World War Z in theatres now

Fana Mokoena as U.N. Undersecretary Thierry Umutoni and Brad Pitt as Gerry Lane in World War Z

Fana Mokoena as U.N. Undersecretary Thierry Umutoni and Brad Pitt as Gerry Lane in World War Z

World War Z is an apocalyptic horror film directed by Marc Forster from a screenplay by Matthew Michael Carnahan based on the 2006 novel of the same name by Max Brooks, the son of Mel Brooks. The film stars Brad Pitt as Gerry Lane, a retired U.N. employee who must travel the world to find a way to stop the zombie pandemic that is defeating armies and collapsing governments.

Mireille Enos co-stars as Karen Lane, Gerry’s wife and mother of their two children; Fana Mokoena as United Nations Undersecretary Thierry Umutonijiu; James Badge Dale as Captain Speke, U.S. special forces; Matthew Fox as a U.S. Navy SEAL operative; David Morse as Gunter Haffner, a prisoner living in an abandoned jail; Ludi Boeken as Warmbrunn; Abigail Hargrove as Rachel Lane, Gerry and Karen’s elder daughter; Sterling Jerins (who nearly steals the show) as Constance ‘Connie’ Lane, Gerry and Karen’s younger daughter; Daniella Kertesz as a Segen in the Israeli military; and Fabrizio Zacharee Guidoas as Tomas. Additionally, Peter Capaldi, Pierfrancesco Favino, Ruth Negga and Moritz Bleibtreu portray World Health Organization doctors; Ernesto Cantu plays Tomas’ father; David Andrews plays U.S. Navy Captain Mullenaro; Elyes Gabel (Game of Thrones) plays Fassbach; Lucy Aharish plays a young Palestinian woman; and Julia Levy-Boeken plays an Israeli refugee.

The film borrows liberally from The Walking Dead, Lost, War of the Worlds, etc. Speaking of Lost, screenwriter Damon Lindelof was hired to rewrite the film’s third act. However Lindelof, who also reworked Prometheus and co-wrote Star Trek Into Darkness, did not have time to script the new ending and Paramount hired Lindelof’s Lost partner, Drew Z. Goddard. Lindelof explained there were inefficiencies in the script in relation to the shooting, which started before the script was finalized thus making the ending “abrupt and incoherent” and was missing a large chunk of footage. Lindelof presented two options to executives, who ultimately choose to shoot 30 to 40 minutes of additional footage to make a coherent ending. The re-shoots coupled with other overages caused the budget to balloon to around $200 million.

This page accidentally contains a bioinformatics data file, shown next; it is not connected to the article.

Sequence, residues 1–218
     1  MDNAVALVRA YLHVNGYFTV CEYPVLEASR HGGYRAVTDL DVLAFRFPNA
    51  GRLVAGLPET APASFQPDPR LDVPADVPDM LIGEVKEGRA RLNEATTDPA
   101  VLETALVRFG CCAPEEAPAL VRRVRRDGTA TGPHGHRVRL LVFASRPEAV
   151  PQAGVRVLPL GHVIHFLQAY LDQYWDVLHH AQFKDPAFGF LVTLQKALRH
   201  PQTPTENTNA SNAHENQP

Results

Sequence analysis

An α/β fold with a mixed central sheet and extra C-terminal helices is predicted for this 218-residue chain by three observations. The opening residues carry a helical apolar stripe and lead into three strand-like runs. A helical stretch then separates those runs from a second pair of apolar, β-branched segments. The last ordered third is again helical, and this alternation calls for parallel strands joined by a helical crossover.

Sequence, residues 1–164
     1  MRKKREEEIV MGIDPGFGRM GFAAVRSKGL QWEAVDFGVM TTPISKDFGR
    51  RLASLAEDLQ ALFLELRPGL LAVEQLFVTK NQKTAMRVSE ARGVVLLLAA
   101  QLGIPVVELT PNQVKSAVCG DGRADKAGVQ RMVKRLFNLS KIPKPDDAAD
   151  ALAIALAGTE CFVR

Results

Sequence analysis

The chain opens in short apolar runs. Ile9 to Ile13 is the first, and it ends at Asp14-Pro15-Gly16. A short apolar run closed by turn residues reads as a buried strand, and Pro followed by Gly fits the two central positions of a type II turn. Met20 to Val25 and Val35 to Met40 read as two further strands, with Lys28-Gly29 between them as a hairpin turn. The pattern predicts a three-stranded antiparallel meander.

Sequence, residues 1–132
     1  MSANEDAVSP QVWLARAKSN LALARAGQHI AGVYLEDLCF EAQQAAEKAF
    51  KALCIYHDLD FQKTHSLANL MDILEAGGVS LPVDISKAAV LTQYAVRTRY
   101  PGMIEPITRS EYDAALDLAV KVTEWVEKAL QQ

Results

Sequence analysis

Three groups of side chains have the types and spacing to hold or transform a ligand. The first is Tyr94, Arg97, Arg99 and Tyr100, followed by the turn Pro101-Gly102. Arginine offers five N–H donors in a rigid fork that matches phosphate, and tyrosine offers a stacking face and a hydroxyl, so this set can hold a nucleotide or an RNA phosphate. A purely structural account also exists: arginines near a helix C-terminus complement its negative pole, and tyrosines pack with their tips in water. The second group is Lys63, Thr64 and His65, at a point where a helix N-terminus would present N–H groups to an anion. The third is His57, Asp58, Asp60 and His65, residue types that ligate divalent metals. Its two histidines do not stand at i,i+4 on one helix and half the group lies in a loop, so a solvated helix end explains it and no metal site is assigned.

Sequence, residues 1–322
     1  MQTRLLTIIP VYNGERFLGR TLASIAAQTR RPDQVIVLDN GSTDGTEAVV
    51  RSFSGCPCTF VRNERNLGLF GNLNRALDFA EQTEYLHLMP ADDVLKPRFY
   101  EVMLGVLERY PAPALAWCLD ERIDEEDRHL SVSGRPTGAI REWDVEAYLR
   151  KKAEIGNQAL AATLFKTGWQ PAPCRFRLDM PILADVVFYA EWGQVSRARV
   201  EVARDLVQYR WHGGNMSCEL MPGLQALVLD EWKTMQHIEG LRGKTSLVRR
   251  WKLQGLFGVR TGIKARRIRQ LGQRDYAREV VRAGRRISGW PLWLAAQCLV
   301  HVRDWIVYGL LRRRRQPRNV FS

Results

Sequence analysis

Political compromises also factored in. In March 2013, it was reported that Paramount changed a scene where characters speculate that the zombie outbreak originated in mainland China in hopes of landing a distribution deal in the country. It was also revealed that several of the scenes shot in Budapest were dropped from the final cut in order to water down the film’s political undertones for a more friendly summer blockbuster. It’s rated PG-13 for intense frightening zombie sequences, violence and disturbing images.

In January 2012, director Forster and Paramount said they “each view World War Z as a trilogy that would have the grounded, gun-metal realism of Matt Damon’s Jason Bourne series tethered to the unsettling end-times vibe of AMC’s The Walking Dead.”

World War Z has received generally positive response from film critics. As of June 16, the film holds a 74% approval rating on the review aggregator website, Rotten Tomatoes.